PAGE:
The next day we were signed up for the vodka and bliny tasting. But first, we were off for a tour of Yaroslavl, a larger city of about 600,000. We never got to see the more modern areas. Instead we focused on the old town, a UNESCO World Heritage Site, stopping off at the 16th century Monastery of the Transfiguration, and the Church of Elijah the Prophet. There we enjoyed yet another choral concert in yet another chapel covered in hundreds of gilded frescoes. Then we were taken to a park area where every year the age of the city is planted in flowers. This year it is 997, so a major celebration is planned for 2010.

We returned to the ship for lunch, followed by another Russian class, and screening of a 4 part History Channel documentary about the Czars. If you ever get a chance to see it, you should. The Czars and their families lived incredible lives. It’s no wonder most came to such untimely endings.At 4 o’clock, we decided to pass on the Russian Folk Song Lesson but at 5 we joined about 50 others in the Tchaikovsky dining room where the vodka and bliny tasting took place. It was very well done. Well, I thought it was well done since Sally doesn’t drink vodka! (She did once in 1965 and hasn’t quite recovered.) Dinner that evening was a salad followed by a choice of a Russian meat or was it a chicken dish? Or perhaps that was the night we were offered cabbage cooked in milk and stuffed peppers. Surprisingly, lunches are a bigger meal than dinners, with a salad, soup, main course and dessert. While many menu items taste better than they look, we would not recommend a Russian cruise for the cuisine. Or the music. As soon as Demitri gets on his electric keyboard to play Midnight in Moscow, Sally is out of there.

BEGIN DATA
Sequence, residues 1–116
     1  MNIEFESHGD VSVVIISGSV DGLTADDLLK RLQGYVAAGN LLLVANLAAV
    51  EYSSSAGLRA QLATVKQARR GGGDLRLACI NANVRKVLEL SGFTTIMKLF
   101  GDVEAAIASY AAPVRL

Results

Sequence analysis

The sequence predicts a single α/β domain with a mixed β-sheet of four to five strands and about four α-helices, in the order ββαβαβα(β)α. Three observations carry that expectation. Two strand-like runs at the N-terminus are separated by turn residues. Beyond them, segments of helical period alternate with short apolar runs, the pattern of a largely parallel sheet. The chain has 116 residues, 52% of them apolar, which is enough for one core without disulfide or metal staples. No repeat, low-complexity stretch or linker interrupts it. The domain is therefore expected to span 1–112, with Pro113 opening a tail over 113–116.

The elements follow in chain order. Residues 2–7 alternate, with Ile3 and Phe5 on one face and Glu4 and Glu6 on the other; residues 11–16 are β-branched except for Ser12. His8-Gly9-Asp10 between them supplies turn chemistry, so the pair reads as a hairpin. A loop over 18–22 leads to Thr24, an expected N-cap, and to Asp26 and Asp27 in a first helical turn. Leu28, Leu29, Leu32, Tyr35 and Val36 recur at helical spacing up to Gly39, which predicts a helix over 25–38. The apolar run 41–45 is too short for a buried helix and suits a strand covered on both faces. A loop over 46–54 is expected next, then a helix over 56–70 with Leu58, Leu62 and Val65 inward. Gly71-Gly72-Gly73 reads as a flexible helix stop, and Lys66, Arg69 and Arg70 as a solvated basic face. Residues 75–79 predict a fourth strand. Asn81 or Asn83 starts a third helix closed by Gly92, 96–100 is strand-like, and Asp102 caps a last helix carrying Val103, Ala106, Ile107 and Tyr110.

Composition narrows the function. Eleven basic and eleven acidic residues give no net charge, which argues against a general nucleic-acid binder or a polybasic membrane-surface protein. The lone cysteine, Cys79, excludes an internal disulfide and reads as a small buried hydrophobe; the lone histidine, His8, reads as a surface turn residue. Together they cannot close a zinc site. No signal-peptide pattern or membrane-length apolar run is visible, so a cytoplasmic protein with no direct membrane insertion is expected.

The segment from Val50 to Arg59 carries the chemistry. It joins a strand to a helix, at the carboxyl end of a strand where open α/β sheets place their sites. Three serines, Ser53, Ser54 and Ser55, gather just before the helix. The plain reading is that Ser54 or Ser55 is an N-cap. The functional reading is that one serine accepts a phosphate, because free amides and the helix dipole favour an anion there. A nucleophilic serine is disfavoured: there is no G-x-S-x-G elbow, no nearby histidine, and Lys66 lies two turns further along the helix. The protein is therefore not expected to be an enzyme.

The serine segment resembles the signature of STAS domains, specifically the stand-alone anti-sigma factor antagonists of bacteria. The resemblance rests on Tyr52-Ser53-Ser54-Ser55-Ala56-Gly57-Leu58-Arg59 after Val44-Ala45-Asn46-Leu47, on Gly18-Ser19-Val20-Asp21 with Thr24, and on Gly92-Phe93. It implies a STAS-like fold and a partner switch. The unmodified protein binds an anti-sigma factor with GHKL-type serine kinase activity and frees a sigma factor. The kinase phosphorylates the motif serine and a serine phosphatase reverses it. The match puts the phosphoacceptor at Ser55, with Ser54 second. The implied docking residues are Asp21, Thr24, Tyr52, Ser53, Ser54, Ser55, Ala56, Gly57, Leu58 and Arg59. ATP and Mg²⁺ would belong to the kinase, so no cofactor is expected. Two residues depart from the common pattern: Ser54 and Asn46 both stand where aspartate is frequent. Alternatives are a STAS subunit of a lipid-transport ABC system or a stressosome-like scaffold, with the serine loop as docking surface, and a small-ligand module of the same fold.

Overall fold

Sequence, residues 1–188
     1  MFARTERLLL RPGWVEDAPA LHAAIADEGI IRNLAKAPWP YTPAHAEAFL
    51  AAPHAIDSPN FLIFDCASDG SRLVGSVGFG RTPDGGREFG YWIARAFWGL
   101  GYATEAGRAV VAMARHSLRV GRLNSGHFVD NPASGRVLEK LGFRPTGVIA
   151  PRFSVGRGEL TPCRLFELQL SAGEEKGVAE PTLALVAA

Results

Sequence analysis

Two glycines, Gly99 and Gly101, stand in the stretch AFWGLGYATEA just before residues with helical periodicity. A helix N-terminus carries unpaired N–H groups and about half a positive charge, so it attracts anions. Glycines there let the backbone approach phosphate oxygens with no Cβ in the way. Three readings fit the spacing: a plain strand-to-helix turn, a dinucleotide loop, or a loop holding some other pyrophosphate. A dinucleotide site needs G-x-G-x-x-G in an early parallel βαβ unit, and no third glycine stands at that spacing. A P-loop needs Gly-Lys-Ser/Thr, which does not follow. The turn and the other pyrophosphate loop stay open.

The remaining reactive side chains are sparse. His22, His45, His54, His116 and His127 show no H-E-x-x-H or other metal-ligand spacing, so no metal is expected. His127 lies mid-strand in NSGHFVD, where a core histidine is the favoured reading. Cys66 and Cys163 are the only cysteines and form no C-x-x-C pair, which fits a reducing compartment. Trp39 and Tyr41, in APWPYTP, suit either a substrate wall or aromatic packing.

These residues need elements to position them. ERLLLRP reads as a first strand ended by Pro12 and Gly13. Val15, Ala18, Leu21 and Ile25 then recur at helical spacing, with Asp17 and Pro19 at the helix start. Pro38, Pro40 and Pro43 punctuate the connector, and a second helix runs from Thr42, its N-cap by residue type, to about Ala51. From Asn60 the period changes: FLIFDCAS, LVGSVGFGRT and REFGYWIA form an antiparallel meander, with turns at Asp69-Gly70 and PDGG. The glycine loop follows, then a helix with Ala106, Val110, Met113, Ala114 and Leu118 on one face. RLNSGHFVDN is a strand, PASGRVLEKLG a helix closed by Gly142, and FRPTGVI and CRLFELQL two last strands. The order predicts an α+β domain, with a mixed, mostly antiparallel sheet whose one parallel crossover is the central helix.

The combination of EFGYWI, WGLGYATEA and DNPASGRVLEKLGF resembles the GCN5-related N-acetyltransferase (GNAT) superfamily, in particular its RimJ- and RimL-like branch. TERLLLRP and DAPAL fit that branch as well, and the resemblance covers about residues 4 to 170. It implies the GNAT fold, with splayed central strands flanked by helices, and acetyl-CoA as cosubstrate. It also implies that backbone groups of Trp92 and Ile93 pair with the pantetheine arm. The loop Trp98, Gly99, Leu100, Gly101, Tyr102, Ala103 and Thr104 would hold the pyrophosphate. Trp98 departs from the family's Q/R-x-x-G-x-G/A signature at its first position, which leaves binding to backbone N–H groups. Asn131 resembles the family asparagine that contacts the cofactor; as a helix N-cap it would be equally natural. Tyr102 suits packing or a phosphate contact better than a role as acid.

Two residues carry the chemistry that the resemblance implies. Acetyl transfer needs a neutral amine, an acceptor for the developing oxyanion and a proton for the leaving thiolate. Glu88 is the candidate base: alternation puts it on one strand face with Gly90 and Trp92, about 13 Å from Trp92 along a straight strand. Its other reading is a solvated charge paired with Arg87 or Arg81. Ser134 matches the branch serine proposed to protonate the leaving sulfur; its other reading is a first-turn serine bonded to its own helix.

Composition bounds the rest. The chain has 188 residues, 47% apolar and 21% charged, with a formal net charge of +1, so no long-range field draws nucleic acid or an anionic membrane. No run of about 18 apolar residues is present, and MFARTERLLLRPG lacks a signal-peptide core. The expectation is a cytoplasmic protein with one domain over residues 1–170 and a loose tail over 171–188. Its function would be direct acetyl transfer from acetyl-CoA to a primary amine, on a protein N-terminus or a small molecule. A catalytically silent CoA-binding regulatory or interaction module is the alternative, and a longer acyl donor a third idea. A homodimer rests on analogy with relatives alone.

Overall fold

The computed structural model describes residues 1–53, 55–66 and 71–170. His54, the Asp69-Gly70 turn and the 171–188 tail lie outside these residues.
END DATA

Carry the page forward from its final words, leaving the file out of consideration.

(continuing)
On the first few evenings, there was not a lot to do. There were a couple of music bars but even we felt too young to have to listen to the musical selections. Thank goodness we didn’t bring Claire along. She would have jumped overboard rather than have to listen to Demitri’s music. And it’s not just his music. In the rooms there is a piped music system, and we have to listen to some very strange selections. At 7 this morning they were playing Herman’s Hermits and Paul Anka! Where do they find this stuff?

However, notwithstanding the smells in the room, the look of the food, and the music selections, when we pull into one of the many locks along the rivers, or sail past old villages with charming wooden houses and magnificent onion domed churches, I can’t help but think what a great experience this is. It was exciting last fall to look at a map of Russia, and contemplate a cruise from Moscow to St. Petersburg. It is even more exciting to do it. There are constant surprises: the gigantic abandoned industrial operations; the lumber yards with piles of small diameter logs; the quaint old villages, and the remnants of the Communist Era. We have passed under some amazing bridges and seen some impressive scenery. I am now starting to enjoy many aspects of the cruise, and am looking forward to three more stops before we reach St. Petersburg. After all, I still have a lot of vodka and herring to get through.